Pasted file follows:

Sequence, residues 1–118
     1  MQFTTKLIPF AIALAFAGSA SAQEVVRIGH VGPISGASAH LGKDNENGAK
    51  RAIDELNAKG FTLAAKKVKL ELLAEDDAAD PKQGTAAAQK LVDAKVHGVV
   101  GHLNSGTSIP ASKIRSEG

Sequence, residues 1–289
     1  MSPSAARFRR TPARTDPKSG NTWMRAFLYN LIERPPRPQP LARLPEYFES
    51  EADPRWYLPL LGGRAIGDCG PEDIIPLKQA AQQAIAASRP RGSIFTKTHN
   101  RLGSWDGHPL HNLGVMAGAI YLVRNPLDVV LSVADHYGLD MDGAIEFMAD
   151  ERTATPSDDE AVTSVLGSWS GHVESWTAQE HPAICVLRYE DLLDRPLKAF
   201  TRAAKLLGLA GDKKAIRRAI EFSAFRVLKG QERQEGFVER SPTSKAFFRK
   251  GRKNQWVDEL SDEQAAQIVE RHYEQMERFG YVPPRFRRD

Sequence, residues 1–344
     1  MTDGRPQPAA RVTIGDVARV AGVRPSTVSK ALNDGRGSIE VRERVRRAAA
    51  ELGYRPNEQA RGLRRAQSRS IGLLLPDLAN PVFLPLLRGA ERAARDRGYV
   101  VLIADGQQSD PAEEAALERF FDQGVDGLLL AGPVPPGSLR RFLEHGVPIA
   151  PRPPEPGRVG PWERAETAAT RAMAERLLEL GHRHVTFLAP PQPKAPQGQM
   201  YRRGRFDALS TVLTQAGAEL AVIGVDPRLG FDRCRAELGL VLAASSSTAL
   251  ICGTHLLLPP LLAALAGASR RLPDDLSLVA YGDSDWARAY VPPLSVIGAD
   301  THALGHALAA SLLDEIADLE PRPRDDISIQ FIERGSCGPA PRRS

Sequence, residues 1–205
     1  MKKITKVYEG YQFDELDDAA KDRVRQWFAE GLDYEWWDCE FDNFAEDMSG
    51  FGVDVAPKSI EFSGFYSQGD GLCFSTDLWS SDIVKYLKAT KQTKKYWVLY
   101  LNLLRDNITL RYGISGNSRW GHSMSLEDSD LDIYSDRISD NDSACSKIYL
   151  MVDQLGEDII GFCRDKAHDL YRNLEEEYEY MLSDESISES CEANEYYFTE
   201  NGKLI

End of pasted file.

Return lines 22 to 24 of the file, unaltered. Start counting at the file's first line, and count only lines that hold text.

    51  FGVDVAPKSI EFSGFYSQGD GLCFSTDLWS SDIVKYLKAT KQTKKYWVLY
   101  LNLLRDNITL RYGISGNSRW GHSMSLEDSD LDIYSDRISD NDSACSKIYL
   151  MVDQLGEDII GFCRDKAHDL YRNLEEEYEY MLSDESISES CEANEYYFTE